The healthy diet
A diet optimized for nutrient intake, greenhouse gas emissions and food prices for New Zealand was published in a separate paper last month.
The optimized diet meets 24 nutrient recommendations, produces greenhouse gas emissions that are below the limit set for New Zealand and costs no more than the baseline cost from the last National Nutrition Survey in 2008/09.
“This shows us that we can improve people’s health while reducing greenhouse gas emissions from food production,” said Christina Cleghorn, lead author and principal investigator of the Healthier Lives National Science Challenge.
National adoption of this diet has been modeled and has shown major health benefits, cost savings to the health system and reduced health inequalities between Māori and non-Māori. “We know that this diet differs from what people are currently eating and more research is being done to identify a more realistic healthy and sustainable diet for New Zealanders,” says Cleghorn.
In this new study, that diet was modified to include slightly more beef, lamb and dairy.
Changes in land use
To identify suitable land for producing ingredients for this diet, the research uses crop suitability maps and aims to expand current production areas by 2035.
These cards were used in two scenarios. The climate-focused scenario focuses on reducing greenhouse gas emissions by removing up to 13% of stock (as outlined by the Commission on Climate Change) and replacing dairy land with crops and sheep and beef systems with forestry. The freshwater-focused scenario allowed crops and forestry to expand in all grassland farming systems until nitrogen and phosphorus losses were low enough to reduce algal growth in rivers, lakes or estuaries.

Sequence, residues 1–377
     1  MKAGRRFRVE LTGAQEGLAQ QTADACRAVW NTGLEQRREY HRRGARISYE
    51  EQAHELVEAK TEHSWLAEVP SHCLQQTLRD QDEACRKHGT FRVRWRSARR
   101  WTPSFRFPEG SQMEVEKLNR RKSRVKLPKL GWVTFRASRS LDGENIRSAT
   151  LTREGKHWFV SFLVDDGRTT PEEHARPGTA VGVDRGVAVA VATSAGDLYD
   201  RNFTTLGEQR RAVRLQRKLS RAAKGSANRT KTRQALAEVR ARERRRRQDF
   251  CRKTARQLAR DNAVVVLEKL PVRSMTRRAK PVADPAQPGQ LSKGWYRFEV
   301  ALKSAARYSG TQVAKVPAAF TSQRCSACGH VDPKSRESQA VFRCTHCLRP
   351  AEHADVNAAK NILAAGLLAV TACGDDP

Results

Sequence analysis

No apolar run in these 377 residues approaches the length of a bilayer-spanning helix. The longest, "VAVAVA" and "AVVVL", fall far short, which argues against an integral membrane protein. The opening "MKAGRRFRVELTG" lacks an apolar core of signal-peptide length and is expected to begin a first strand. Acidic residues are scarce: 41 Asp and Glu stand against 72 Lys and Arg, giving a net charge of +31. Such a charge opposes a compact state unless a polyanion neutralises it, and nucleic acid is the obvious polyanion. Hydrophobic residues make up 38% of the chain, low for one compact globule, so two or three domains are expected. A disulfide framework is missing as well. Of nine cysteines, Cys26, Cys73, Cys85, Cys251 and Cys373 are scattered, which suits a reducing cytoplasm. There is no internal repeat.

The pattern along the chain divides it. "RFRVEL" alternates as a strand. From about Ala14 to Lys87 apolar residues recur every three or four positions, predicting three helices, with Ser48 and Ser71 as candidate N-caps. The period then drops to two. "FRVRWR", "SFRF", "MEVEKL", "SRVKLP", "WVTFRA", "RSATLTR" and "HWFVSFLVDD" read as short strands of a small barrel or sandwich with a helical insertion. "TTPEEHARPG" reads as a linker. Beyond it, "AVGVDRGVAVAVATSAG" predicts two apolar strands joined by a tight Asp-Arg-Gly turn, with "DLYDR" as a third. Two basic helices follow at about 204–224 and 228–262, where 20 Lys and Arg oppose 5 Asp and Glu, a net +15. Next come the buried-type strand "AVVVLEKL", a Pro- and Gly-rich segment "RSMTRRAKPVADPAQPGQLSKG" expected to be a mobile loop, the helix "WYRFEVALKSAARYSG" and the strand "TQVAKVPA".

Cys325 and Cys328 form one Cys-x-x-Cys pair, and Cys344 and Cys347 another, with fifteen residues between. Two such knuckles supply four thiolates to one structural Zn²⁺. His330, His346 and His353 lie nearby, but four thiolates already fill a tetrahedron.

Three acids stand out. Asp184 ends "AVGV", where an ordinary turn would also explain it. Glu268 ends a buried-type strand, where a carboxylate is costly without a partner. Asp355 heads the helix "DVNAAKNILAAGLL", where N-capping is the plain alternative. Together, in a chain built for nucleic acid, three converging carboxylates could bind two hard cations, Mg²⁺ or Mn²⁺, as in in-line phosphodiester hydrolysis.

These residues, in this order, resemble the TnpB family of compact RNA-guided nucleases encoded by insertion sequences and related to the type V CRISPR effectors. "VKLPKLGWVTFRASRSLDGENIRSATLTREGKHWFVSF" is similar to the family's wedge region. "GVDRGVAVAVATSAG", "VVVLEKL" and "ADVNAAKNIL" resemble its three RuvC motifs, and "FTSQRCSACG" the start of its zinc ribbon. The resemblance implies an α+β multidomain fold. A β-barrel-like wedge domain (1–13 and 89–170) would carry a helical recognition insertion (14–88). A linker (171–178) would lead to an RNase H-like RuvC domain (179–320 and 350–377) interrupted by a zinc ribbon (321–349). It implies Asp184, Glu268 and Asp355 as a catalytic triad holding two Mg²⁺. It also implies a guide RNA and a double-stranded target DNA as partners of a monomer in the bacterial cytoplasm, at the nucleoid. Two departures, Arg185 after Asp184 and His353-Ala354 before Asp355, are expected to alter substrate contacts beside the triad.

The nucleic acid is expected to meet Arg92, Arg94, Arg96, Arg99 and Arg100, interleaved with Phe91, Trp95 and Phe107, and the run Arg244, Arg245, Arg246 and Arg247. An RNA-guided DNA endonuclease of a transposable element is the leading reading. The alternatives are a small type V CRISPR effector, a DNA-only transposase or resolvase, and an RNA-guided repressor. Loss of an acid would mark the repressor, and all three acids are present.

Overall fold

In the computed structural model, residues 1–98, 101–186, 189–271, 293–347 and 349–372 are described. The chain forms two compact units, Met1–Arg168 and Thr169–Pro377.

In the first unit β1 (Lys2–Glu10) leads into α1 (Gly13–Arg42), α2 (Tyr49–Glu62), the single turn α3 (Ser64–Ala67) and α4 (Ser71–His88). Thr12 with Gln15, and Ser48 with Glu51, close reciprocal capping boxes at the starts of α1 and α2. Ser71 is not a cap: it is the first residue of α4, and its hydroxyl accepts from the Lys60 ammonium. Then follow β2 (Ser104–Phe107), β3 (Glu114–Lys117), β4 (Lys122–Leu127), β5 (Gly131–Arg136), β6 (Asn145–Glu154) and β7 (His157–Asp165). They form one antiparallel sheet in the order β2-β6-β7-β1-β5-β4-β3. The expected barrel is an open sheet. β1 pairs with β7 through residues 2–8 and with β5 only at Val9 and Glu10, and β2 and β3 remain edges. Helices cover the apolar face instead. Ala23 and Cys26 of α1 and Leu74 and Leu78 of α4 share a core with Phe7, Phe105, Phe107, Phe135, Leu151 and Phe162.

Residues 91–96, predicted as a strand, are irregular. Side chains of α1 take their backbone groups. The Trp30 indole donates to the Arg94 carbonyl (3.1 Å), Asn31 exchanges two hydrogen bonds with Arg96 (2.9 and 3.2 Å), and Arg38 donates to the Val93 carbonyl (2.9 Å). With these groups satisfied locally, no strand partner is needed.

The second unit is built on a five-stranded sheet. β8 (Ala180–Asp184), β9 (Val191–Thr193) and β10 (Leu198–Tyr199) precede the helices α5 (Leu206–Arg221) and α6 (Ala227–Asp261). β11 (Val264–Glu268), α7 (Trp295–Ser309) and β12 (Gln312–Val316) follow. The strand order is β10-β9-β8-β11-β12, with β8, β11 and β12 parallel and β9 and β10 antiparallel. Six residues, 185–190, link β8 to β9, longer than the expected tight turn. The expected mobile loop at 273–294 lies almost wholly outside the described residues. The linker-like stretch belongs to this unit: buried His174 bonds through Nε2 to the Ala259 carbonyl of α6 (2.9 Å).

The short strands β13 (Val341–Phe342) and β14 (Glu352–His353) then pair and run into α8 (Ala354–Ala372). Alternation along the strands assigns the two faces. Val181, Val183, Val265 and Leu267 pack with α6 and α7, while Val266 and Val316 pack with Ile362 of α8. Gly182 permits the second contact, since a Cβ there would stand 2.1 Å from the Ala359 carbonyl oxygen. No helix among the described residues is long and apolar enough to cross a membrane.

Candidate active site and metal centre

The research targeted this expanded crop production to land areas that had been identified as likely sources of pollutants causing unacceptable levels of algal growth. This is 3.8 million ha for land with excess nitrogen losses and 2.3 million ha for phosphorus.
After accounting for crop rotations, land use change equates to an increase in arable land of 29–32% (on land suitable for growing crops or horticulture) and an increase in forestry of 82–138% (on land not is suitable for growing crops). To accommodate this expansion of arable land and forestry, sheep and beef land will decrease by 11–19%, while land used for dairy production will decrease between 7–14%.
However, the impact on export earnings was expected to be minimal if the previous increase in productivity was maintained. The open access paper includes national maps and an analysis of the regional effects of these changes, as well as a discussion of the limitations and implications of this research.
The study was published in Journal of the Royal Society of New Zealand and sustainability.
Richard W. McDowell et al, Farming for good: producing a healthy, low-GHG diet and water quality in Aotearoa, New Zealand, Journal of the Royal Society of New Zealand (2022). DOI: 10.1080/03036758.2022.2137532
Christine Cleghorn et al, Assessing the health and environmental benefits of a New Zealand diet optimized for health and climate protection, sustainability (2022). DOI: 10.3390/su142113900
Courtesy of Our Land and Water National Science Challenge.
Quote: Land use change for healthy New Zealanders and a healthy environment (2022, 25 November), retrieved on 25 November 2022 from https://phys.org/news/2022-11-land-use-healthy-zealanders- environment.html